by John Calvin (compiled by John H. Kromminga)
The grass withereth, the flower fadeth: but the word of our God shall stand for ever. —Isaiah 40:8
"But the word of our God shall stand forever." This passage comprehends the whole Gospel in a few words; for it consists of an acknowledgment of our misery, poverty, and emptiness, that, being sincerely humbled, we may fly to God, by whom alone we shall be perfectly restored. Let not men therefore faint or be discouraged by the knowledge of their nakedness and emptiness; for the eternal word is exhibited to them by which they may be abundantly supported and upheld.
We are likewise taught that we ought not to seek consolation from any other source than from eternity, which ought not to be sought anywhere else than in God; since nothing that is firm or durable will be found on the earth.
Nothing is more foolish than to rest satisfied with the present state, which we see to be but fleeting; and every man is mistaken who hopes to obtain perfect happiness till he has ascended to God, whom the Scripture calls eternal, in order that we may know that life flows to us from him; and indeed he adopts us to be his children on this condition, to make us partakers of his immortality.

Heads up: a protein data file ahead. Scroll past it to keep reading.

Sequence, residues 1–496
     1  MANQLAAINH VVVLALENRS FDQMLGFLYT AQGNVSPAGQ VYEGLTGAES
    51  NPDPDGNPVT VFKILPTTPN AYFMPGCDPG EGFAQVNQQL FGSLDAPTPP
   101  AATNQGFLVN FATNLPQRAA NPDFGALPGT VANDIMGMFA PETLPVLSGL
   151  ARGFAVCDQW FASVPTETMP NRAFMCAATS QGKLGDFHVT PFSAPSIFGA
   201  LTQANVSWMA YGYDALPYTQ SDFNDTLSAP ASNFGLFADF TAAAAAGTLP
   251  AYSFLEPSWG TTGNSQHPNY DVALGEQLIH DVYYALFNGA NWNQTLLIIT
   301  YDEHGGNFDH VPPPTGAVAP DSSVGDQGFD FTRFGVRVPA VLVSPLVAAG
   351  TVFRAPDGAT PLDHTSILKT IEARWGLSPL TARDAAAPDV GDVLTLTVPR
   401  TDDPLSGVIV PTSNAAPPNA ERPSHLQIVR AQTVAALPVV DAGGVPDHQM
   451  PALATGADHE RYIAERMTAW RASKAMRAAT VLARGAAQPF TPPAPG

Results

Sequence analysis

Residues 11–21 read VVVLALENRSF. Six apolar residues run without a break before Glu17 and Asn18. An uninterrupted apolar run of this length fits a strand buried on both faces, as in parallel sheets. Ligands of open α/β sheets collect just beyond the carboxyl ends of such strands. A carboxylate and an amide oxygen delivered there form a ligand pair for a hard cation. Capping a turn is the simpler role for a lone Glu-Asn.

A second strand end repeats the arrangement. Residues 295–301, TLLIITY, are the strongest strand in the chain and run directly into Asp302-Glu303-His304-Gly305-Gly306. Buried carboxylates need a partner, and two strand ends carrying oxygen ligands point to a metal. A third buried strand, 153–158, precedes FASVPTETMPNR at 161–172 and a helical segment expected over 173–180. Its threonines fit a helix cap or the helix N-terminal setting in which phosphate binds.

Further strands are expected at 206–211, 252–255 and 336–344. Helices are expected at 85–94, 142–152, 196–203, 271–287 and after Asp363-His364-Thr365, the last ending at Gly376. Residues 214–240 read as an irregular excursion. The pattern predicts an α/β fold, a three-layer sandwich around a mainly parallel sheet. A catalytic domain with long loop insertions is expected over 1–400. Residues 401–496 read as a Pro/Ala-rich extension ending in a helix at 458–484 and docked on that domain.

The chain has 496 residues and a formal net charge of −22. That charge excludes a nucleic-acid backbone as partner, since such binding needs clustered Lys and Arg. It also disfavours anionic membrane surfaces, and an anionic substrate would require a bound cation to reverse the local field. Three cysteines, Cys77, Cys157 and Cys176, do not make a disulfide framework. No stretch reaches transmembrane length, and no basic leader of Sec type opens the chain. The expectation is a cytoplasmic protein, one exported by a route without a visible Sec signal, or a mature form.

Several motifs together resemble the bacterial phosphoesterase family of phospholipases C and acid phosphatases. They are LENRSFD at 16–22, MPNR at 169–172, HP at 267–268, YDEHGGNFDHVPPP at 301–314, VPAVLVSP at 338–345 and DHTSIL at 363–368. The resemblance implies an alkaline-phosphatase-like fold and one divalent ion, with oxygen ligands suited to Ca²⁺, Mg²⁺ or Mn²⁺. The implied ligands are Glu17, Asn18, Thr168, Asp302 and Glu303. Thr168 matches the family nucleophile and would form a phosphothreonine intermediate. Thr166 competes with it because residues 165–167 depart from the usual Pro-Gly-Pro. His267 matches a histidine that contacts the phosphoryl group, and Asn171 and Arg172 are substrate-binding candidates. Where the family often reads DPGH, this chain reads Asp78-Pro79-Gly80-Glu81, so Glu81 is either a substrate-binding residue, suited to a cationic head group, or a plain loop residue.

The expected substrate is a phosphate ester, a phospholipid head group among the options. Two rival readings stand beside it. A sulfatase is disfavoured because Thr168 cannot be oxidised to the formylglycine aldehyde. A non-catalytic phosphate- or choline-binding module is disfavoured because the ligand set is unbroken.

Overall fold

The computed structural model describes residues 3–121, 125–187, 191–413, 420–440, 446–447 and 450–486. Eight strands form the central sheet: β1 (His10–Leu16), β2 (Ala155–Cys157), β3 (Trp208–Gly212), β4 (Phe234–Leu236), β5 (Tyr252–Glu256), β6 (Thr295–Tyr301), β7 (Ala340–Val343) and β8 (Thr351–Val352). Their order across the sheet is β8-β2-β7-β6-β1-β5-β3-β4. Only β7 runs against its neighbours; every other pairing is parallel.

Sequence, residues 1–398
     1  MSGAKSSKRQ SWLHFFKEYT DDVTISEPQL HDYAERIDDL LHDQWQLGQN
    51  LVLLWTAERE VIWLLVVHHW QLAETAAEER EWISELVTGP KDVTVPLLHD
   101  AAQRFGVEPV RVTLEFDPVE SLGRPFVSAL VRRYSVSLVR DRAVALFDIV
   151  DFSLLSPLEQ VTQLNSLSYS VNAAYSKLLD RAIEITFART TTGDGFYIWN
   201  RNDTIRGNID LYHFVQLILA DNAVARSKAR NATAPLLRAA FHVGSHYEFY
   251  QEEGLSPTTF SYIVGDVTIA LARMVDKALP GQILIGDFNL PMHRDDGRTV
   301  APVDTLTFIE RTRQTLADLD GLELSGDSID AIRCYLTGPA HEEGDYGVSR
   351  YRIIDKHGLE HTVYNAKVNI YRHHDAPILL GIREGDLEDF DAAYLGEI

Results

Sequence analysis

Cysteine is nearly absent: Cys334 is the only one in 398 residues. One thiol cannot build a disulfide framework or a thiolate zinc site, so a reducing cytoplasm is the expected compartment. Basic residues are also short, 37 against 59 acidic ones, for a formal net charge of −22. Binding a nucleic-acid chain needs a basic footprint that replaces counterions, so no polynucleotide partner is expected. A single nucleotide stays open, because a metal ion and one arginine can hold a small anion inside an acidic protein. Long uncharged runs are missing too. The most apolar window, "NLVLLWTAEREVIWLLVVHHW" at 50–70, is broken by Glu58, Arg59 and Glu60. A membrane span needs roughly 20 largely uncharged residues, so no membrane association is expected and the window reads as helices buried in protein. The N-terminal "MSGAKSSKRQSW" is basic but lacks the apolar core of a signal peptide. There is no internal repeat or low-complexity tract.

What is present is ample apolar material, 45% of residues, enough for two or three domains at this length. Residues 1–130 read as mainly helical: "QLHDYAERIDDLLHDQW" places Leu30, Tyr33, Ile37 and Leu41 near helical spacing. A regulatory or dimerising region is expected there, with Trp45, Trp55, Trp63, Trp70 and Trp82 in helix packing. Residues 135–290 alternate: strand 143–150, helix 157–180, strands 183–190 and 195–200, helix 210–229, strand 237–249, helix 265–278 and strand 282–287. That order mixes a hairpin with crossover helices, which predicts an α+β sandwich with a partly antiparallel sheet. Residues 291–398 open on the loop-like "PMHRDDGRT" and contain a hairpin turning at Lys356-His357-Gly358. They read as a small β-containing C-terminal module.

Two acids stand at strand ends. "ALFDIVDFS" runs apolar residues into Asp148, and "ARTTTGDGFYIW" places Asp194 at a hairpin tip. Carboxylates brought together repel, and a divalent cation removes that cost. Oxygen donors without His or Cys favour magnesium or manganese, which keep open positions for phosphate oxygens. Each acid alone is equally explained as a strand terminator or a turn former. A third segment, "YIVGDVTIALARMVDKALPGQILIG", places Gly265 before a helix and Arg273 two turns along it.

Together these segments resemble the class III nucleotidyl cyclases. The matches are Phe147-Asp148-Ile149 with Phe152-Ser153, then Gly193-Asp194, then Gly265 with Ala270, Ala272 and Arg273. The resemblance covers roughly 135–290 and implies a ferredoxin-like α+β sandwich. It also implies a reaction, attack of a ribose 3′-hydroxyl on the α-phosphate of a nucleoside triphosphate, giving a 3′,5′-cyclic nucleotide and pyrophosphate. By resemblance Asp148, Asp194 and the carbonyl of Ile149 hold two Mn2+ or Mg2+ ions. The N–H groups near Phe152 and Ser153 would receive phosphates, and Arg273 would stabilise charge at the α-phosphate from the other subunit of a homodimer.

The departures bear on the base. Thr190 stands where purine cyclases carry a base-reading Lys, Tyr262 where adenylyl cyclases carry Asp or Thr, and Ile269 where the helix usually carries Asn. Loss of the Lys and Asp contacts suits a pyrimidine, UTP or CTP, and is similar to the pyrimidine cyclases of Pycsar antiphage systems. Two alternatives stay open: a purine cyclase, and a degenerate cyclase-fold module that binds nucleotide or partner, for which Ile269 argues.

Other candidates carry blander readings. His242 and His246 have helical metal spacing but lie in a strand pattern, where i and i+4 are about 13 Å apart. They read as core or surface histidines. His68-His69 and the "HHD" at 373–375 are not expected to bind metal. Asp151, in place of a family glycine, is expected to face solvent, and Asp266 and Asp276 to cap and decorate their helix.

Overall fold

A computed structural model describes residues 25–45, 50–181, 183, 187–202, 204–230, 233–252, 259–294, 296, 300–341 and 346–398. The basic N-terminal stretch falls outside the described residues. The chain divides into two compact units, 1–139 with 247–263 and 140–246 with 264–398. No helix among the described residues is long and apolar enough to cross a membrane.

But this would be of no avail if the manner of seeking him were not pointed out; and therefore he exhibits the word, from which we must not in any respect turn aside; for if we make the smallest departure from it, we shall be involved in strange labyrinths, and shall find no way of extricating ourselves. —Commentaries
John Calvin was the premier theologian of the Reformation, but also a pious and godly Christian pastor who endeavored throughout his life to point men and women to Christ. We are grateful to Reformation Heritage Books for permission to use John Calvin's Thine Is My Heart as our daily devotional for 2013 on the OPC Web site. You can currently obtain a printed copy of that book from Reformation Heritage Books.
Dr. Joel Beeke, who is editorial director of Reformation Heritage Books, has this to say:
"Calvin shows us the piety of a Reformed theologian who speaks from the heart. Having tasted the goodness and grace of God in Jesus Christ, he pursued piety by seeking to know and do God’s will every day. He communed with Christ, practicing repentance, self-denial, and cross-bearing. Moreover, his theology worked itself out in heart-felt, Christ-honoring piety. The selections of this devotional bear this out, and hopefully will be used by God to direct pious hearts in our own day."
These devotional readings from John Calvin were compiled by John H. Kromminga. Be sure to read his "Introduction" to John Calvin's Thine Is My Heart.